The Santa Rosa well on the Superfund site, from which water has been distributed by the Puerto Rican water utility, contained only trace amounts of PCE, an industrial chemical, according to the tests run by the Virginia Tech Water Quality Lab. The other two wells at the Dorado Superfund site, called Maguayo 2 and Maguayo 4, showed no signs of industrial contamination.

The EPA has taken samples from wells at the Superfund site and has said results are forthcoming.

Marc Edwards, the professor at Virginia Tech who conducted the tests for CNN, said the low level of contamination put even the Santa Rosa well safely within clean drinking water standards. All three wells are safe, he said. “I would drink” this water, he told CNN on Thursday.

“This water you sent me is meeting all federal safe drinking water standards,” said Edwards. “How that happened? It could be the way the water flows on the ground (that’s) not bringing contamination from the Superfund site to the well. Or maybe they are using some sort of treatment technology.”

Edwards is an environmental engineer and water quality specialist who also conducted testing on water in Flint, Michigan.

Last week, CNN reported locals had been drinking from at least two wells on the Dorado Groundwater Contamination Site, west of San Juan, the capital. That area was designated as a Superfund site by the US Environmental Protection Agency in September 2016.

“Sampling at the site has found chemical contamination that is impacting wells used to supply drinking water to the local communities,” the EPA said at the time. “Drinking water with the solvents, which include tetrachloroethylene and trichloroethylene, can have serious health impacts including damage to the liver and increasing the risk of cancer.”

This island was pummeled by Hurricane Maria on September 20, leaving about 1 million people without running water, even more than one month after the storm. CNN talked to locals who said they were desperate for water and were willing to take what they perceived as risks by drinking water from a location designated as a hazardous-waste site by the government.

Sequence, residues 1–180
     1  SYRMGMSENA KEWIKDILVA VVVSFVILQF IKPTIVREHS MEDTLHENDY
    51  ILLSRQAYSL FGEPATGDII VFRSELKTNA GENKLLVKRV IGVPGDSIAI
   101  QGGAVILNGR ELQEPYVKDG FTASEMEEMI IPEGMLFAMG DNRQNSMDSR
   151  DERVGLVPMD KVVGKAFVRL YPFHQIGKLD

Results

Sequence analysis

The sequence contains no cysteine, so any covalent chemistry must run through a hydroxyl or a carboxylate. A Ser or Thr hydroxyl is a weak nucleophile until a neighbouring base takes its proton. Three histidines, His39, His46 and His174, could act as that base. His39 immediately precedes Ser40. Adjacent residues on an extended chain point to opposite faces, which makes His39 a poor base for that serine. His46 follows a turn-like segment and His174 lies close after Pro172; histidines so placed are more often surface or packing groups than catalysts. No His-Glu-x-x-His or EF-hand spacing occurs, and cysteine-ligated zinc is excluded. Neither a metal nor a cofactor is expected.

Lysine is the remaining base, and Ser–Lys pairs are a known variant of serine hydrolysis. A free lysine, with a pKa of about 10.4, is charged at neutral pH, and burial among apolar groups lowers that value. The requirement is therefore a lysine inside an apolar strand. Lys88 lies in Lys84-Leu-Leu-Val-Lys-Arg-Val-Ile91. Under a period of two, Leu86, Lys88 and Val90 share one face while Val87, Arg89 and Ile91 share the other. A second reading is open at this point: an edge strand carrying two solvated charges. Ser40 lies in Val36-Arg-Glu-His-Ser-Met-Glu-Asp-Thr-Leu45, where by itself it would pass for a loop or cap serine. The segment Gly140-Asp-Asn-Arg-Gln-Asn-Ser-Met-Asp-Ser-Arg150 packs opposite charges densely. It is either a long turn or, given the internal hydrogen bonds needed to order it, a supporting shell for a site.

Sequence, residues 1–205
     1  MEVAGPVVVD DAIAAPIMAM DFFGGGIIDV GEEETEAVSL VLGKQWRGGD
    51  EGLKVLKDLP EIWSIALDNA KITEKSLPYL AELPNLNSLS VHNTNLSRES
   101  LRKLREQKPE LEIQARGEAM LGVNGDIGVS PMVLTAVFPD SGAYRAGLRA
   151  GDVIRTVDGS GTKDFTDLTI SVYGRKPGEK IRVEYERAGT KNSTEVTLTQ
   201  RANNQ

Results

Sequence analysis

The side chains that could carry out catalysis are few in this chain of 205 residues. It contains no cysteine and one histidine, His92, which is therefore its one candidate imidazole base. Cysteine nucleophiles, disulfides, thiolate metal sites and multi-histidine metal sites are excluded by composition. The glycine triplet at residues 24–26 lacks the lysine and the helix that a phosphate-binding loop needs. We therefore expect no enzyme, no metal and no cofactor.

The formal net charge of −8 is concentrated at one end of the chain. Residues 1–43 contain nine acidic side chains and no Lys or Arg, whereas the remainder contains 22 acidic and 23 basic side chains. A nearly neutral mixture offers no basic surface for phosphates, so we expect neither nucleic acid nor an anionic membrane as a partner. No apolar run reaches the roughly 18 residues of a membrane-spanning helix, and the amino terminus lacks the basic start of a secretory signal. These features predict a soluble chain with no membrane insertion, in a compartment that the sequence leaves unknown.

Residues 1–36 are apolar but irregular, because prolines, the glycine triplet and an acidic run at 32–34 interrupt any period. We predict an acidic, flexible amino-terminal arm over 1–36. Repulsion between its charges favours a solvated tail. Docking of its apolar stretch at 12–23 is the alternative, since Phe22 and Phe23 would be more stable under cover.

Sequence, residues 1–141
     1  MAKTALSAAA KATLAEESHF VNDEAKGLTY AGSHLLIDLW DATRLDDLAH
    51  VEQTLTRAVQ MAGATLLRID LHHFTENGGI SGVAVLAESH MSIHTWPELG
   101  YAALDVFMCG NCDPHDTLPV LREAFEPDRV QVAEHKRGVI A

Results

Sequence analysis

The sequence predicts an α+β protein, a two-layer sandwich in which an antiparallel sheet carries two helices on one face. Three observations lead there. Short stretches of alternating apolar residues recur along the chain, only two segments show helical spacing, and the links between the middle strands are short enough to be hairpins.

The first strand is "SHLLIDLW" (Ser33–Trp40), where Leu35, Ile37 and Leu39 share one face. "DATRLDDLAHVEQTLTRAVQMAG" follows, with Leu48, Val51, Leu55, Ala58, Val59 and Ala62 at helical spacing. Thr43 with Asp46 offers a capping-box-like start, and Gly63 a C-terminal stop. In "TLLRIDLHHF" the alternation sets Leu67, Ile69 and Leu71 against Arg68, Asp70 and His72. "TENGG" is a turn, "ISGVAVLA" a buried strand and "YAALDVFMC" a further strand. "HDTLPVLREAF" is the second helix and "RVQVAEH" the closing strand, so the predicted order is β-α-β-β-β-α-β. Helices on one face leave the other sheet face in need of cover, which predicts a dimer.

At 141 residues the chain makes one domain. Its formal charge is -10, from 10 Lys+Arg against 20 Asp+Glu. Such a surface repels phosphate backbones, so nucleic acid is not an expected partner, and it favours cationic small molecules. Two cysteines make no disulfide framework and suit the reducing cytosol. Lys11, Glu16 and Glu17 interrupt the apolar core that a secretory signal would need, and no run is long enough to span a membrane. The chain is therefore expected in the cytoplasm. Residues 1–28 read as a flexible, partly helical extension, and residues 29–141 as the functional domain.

The tests by Virginia Tech were not conducted according to the strictest of protocols. CNN producers collected water samples on Sunday in glass Perrier bottles and shipped them, in a cooler with ice, from Puerto Rico to the lab in Virginia. In the absence of specialized equipment in a disaster zone, the crew used alternate methods suggested by Edwards.

An unopened bottle of Perrier was sent for testing to control for any contamination.

These methods may produce slightly cleaner results than normal, Edwards said, but the levels of contamination were so low that they do not concern him.

The Santa Rosa well showed 0.7 parts per billion of PCE, the industrial contaminant, which is also known as tetrachloroethylene, Edwards said. Drinking water standards in the United States say water is safe below 5 parts per billion, he said.

The lab did not test for bacteria, which is another concern after hurricanes. But the samples showed levels of chlorine, a disinfectant, that make Edwards confident they are safe.

Following Hurricane Maria, some Puerto Ricans have resorted to bathing in rivers and mountain streams; collecting rainwater to flush toilets; and drinking from potentially risky sources.

Jason Morris and Lorraine Martinez contributed to this report.